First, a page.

The far-right has thrived in an environment which is still too often hostile to refugees, as seen with the recent disappearance and murder of Rita Awour Ojunge. It has thrived thanks to officials like Hans-Georg Maaßen, the country’s former chief of domestic intelligence, who has dismissed footage of non-white people being chased down and beaten in the street as fake news.
Why, in a country famed for dealing so successfully with the demons within its history – specifically, the Holocaust – are the authorities so sluggish when it comes to dealing with its new ones?
There are perhaps two main reasons.
The first one may be a sense of shame. The truth is that Germany did a huge amount of work to deal with its past and there may be despair that, despite all of that, it is not yet done. For many Germans, the concept of national pride is a fairly new one. For decades after the war, it was common to associate anyone who flew a German flag from their house or car with far-right extremism. It was only with relatively recent cultural moments such as the fall of the Berlin Wall and then the emergence of the national football team – a multiracial side which both celebrated its differences and came together as world champions – that Germany could forge a progressive identity. That identity, so recently assumed, is now in danger and there are many who are afraid, and therefore cannot accept, that more than a hint of the bad old days may be back again.
Fascism is an infectious disease, never truly eradicated from the body of society; it lies dormant, waiting for the right conditions for a fresh outbreak.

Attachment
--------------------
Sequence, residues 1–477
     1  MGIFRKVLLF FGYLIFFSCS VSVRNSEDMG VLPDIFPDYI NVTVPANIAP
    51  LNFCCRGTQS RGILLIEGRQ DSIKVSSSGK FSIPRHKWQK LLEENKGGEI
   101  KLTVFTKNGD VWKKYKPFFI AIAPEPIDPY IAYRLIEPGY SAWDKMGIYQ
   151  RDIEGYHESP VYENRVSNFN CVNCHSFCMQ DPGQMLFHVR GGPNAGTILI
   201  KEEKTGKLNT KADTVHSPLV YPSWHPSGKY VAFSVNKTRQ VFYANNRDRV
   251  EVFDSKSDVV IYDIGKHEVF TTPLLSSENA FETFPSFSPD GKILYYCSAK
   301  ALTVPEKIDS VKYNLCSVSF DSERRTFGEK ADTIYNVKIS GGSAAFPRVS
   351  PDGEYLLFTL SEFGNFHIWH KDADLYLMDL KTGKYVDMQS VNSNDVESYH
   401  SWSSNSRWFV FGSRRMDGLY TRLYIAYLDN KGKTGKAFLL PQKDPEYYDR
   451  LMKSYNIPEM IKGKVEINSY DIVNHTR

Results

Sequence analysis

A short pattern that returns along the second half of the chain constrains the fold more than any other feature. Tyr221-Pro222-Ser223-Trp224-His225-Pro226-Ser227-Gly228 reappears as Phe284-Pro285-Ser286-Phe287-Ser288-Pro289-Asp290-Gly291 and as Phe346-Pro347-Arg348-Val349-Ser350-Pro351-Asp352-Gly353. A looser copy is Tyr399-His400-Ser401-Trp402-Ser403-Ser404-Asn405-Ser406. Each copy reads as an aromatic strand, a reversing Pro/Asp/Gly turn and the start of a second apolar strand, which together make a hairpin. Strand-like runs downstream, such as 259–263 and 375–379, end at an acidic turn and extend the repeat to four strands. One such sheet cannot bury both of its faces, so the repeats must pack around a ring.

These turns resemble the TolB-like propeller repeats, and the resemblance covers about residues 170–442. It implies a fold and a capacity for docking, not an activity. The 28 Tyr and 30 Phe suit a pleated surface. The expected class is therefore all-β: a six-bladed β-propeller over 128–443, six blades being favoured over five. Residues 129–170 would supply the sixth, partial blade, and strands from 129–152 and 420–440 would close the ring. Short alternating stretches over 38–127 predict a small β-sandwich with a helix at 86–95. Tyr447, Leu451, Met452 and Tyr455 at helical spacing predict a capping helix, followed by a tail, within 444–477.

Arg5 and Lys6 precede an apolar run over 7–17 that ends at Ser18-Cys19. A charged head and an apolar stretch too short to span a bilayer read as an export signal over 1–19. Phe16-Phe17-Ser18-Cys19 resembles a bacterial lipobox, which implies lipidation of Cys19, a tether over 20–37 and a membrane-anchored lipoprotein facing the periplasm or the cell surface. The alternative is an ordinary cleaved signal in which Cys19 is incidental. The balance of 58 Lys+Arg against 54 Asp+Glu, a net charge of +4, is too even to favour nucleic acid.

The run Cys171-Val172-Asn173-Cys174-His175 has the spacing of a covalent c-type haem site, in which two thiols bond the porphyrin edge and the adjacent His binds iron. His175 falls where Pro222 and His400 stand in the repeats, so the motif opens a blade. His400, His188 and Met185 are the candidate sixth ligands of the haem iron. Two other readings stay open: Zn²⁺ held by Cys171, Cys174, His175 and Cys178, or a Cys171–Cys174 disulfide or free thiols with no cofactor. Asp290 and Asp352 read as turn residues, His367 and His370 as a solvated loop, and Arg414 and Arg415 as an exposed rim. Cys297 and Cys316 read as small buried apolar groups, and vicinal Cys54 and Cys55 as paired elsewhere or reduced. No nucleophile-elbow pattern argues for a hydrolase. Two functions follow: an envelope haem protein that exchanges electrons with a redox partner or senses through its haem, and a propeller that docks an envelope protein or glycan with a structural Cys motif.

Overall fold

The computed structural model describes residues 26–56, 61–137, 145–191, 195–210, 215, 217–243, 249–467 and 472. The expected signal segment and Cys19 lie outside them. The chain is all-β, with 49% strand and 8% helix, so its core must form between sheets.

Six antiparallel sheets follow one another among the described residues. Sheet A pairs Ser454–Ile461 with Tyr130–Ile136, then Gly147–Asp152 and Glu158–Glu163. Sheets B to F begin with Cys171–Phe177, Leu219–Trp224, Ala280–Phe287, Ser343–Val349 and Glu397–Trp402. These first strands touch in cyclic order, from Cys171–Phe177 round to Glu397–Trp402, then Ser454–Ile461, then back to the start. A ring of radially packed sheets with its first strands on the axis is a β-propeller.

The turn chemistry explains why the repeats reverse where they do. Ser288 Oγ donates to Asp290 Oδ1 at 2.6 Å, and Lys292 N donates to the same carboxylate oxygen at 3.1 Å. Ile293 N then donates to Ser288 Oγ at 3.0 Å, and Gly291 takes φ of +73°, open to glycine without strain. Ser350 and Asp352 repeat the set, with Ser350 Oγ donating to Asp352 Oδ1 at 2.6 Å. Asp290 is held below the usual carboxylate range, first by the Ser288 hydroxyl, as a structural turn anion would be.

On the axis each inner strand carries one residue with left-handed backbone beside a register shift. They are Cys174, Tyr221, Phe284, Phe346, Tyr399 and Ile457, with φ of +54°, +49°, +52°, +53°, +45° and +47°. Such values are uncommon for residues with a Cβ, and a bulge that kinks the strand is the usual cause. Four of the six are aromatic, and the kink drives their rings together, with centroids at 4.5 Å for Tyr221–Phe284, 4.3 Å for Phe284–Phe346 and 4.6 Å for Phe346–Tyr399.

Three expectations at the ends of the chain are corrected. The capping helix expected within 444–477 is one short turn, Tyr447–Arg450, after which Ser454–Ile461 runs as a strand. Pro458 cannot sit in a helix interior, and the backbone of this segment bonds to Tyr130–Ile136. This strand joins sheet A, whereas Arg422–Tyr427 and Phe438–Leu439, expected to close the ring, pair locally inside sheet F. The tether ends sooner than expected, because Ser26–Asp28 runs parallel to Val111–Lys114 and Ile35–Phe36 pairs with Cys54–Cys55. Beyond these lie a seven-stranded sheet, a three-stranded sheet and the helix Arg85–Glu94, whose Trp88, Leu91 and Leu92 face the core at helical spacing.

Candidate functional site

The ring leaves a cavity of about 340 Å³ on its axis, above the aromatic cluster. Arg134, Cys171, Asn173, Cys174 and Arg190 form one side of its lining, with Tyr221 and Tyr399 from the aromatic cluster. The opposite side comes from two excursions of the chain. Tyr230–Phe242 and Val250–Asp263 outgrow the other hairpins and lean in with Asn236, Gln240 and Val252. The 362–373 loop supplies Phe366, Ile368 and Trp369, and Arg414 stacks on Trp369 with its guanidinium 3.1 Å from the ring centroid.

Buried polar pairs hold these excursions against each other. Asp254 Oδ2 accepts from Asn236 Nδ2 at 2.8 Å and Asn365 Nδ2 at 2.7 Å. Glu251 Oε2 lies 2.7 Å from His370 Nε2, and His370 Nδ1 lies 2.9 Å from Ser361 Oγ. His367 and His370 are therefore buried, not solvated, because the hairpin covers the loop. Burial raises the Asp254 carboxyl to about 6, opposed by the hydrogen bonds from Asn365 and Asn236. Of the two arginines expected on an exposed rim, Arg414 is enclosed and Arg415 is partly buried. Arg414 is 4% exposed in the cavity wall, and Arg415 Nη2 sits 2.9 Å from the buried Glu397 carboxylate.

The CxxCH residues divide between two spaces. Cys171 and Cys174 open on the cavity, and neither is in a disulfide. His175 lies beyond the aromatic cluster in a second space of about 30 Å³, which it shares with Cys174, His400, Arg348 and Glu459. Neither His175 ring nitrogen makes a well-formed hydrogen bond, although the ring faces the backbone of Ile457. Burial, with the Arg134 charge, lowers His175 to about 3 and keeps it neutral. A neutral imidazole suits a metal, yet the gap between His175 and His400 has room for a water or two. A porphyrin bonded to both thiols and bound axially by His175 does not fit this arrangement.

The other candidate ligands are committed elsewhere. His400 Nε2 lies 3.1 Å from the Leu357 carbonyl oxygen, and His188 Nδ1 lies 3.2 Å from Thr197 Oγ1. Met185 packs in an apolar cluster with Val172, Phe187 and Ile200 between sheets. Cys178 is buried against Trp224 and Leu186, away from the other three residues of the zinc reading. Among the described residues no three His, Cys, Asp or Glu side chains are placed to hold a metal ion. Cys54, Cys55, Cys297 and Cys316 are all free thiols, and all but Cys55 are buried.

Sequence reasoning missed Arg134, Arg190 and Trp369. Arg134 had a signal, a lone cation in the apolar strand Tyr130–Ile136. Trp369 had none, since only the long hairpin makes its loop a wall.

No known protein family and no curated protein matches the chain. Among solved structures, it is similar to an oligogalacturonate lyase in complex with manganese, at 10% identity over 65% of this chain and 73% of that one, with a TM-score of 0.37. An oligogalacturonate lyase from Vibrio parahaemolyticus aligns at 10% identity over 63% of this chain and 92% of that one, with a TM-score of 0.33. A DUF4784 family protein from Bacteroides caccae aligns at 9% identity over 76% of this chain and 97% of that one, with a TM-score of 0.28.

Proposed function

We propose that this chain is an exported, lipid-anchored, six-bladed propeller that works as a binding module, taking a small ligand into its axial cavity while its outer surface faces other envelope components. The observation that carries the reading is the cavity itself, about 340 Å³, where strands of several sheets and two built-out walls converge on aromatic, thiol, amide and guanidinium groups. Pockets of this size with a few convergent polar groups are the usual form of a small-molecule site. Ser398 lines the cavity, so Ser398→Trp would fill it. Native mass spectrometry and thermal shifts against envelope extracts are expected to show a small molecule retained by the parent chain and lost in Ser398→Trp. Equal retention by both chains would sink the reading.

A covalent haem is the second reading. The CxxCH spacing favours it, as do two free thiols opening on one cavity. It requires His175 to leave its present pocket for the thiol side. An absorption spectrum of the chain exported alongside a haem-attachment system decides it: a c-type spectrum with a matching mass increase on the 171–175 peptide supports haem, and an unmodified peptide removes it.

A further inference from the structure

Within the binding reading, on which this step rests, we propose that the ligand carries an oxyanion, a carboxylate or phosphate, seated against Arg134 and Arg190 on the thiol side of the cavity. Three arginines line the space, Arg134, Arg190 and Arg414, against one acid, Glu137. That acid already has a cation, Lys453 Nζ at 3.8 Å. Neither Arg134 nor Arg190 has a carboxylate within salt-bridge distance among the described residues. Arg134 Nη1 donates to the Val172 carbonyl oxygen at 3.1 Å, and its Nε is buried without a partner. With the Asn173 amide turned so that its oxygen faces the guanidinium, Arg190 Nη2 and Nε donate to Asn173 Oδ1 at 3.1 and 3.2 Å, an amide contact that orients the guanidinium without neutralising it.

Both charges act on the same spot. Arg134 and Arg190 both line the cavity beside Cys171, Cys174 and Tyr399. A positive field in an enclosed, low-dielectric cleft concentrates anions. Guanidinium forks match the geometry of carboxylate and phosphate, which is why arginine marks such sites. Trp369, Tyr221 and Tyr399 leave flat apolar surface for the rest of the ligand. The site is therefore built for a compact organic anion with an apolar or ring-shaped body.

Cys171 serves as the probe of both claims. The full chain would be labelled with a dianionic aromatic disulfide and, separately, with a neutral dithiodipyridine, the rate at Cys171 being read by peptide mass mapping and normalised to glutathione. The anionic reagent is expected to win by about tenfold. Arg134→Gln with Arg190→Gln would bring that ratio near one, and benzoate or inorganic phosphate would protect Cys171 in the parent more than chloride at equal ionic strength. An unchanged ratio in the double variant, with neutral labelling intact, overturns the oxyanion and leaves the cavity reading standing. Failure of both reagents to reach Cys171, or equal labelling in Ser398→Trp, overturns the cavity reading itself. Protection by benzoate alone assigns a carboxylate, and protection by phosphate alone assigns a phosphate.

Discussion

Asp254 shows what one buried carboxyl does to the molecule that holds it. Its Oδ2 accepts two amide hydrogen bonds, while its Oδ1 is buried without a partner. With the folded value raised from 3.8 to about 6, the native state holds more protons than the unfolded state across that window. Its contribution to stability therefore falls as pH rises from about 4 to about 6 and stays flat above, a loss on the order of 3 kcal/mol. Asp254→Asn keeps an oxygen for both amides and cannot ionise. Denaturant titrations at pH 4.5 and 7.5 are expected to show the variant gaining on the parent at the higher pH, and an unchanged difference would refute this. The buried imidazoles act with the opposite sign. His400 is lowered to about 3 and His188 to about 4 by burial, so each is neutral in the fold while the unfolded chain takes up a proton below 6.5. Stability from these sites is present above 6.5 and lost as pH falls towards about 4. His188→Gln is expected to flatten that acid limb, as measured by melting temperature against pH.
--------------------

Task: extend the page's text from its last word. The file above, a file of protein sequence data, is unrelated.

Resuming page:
The second reason is somewhat more grim. Though the power of those old demons was substantially diminished by the Second World War, the hatred of the ‘other’ that they inspired still thrived in far too many homes. When Chancellor Angela Merkel admitted around a million Syrian refugees into Germany in 2015, much of the public discourse was framed in very xenophobic terms. It is no accident that Germany’s anti-fascists are some of the most committed and organised of their type in Europe; it is because they acutely understand the nature and the scale of the threat. It is estimated that there are almost 13,000 violent right-wing extremists living in the country. Last year, journalists at the German publication Taz reported the existence of a far-right cell embedded within the army, the intention of which, when the day came, was to take control of the country through a series of targeted assassinations.